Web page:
certainly made the mistake of writing off their chances as we thought
we saw a bit of a disaster. Well done Jim and band.
We had plumbed for a top six and a dark horse of Westoe, Dobcross,
Bendix Kingswood, Hade Edge, Poulton-le-Fylde, Livingstone Brass
and Royal Oakeley and we really put the mockers on them all, with
them coming 11th, 7th, 12th, 5th, 13th, 8th and 16th. Sorry!
The overall standard wasnt as high as we expected and far
too many bands just blew for the sake of it. Dynamics and tuning
were also a major problem and for bands of this calibre it was a
real disappointment to hear time and time again. Weve got
to blame the MDs for this and not the players these
are two of the basics of good band playing, but many of the conductors
concentrated on effect and volume and not on style and music and
they came a cropper.
The other prize winners were also pretty good value and the top
three were a level above the rest. Both City of Bristol and Towcester
Studio benefited from intelligent direction from the middle.
Mr Broadbent and Mr McCann again emphasised what they had looked
out for and the Scotsman in particular impressed again with his
obvious good knowledge of the score and its salient points
a man to watch out for in the box at higher things we think.
So well done Ammanford, but back to drawing board for far too many
of the bands on show.
The First Section:
And so to the First Section the section of the Premiership
hopefuls and wannabees. This really was a curates egg
of a contest with the good being very good and the bad being very
Another fine choice of test piece had many MD's deciding that all
that it needed was heavy foot on the accelerator pedal and a deaf
ear to the dynamics. Some also felt that tuning was an optional
extra we know tuning is a relative thing, but some performances
were as far away in relative tuning terms as a long lost aunty living
Our pre contest prediction was pretty good (for us anyway) with
our top six made up of Stocksbridge, Pennine, Mossley, Kibworth,
Harrogate, Beaumaris and dark horses Boness. In the end they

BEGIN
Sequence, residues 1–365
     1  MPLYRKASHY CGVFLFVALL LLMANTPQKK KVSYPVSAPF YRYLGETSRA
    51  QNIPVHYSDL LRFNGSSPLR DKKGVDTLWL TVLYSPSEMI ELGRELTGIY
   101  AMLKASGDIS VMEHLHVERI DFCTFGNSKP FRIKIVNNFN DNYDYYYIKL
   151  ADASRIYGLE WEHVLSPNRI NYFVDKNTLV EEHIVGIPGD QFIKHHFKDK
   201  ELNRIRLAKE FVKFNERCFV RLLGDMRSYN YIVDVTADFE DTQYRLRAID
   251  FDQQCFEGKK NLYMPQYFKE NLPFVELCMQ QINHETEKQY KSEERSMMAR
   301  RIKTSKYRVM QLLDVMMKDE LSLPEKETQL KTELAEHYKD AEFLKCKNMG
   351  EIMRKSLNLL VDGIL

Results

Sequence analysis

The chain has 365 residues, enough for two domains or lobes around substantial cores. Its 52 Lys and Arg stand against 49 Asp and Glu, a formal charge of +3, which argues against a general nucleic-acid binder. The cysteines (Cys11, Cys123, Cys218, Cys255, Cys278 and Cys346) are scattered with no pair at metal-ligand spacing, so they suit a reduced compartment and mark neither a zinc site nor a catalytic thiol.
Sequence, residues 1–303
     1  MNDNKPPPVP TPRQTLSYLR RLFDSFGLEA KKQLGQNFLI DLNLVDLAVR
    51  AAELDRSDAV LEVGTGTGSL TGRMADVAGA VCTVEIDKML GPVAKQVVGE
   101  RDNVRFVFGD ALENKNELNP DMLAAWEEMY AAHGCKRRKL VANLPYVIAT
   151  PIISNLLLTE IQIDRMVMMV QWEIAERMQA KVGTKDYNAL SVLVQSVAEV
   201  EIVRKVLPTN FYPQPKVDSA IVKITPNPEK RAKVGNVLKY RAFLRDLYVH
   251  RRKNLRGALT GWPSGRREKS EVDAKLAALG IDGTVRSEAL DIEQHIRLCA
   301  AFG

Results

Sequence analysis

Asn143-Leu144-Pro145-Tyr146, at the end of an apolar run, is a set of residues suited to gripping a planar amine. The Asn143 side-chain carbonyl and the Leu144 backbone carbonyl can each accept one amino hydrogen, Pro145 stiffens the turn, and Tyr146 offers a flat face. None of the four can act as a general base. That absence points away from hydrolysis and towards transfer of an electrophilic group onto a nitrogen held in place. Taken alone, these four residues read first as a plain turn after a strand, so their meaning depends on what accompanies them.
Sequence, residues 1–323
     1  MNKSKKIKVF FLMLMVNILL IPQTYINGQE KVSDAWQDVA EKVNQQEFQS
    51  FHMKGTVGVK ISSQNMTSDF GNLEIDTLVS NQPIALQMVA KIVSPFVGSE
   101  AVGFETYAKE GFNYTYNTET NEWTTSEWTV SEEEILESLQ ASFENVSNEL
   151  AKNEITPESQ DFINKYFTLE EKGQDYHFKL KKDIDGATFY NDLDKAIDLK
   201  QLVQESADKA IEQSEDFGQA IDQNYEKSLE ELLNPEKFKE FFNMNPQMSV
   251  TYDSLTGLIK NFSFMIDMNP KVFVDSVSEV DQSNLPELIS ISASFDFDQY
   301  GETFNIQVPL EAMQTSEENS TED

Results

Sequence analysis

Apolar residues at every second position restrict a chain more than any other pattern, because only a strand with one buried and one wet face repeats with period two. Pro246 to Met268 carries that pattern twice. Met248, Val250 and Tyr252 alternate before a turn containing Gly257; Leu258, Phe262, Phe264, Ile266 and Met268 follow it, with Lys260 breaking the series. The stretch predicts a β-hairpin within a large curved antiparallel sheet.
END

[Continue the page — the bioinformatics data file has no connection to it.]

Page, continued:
came 1st, 4th, 7th, 5th, 16th, 3rd and 9th so we were pretty pleased
It wasnt until Pennine played that we really heard a performance
that wouldnt have disgraced the Championship Section and for
us they were the band to beat, but Stocksbridge were very good and
had lots of quality in their performance that signalled that they
wont struggle higher up.
Alliance Brass also benefited form a very intelligent reading of
the score and a safety first approach that scored well. Although
we didnt quite have them as high as second, they certainly
won first place in the phoar! stakes for the lads in the audience.
Seindorf Beaumaris had the biggest sound of the day and were muscular
and direct in their approach a bit too much for us, but it
really did make you sit up and take notice and they too sounded
a well drilled band. They will continue to improve as well.
We thought Pennine Brass were the best on the day and they can
count themselves more than a tad unfortunate to come fourth, as
can Kibworth under John Berryman who came fifth. This was the most
musical performance of the day and the one that benefited most from
their MD. It had so much good sense and musical shape to it, and
only fell down for us on the number of clips.
Johnstone Silver and Mossley just had too many clips and slips
to really have come any higher, but both were performances of merit
and they should take considerable heart from their outing.
As for the rest? Well. From places 8 to 12 the bands just suffered
too much from overblowing and tempo problems that led to untidiness
and a struggle to maintain clear detail, whilst the bottom four
(and we are being generous here) had a bad day at the office. Some
MDs should consider the purchase of a metronome as an essential
rather than optional tool for their musical advancement.
So the weekend ended with the prizes being fairly well spread out
with winners from Yorkshire, Wales, North West and Midlands. The
whole weekend was very well run and thanks from us to the organisers
who gave us the results without the usual interrogation, and who
gave the bands a venue that was worthy of the occasion.
Thanks also to the supporters who made the thing come alive and
the barman at the hotel who kept us in beer well into the following
morning. We look forward to seeing and hearing you in Torquay next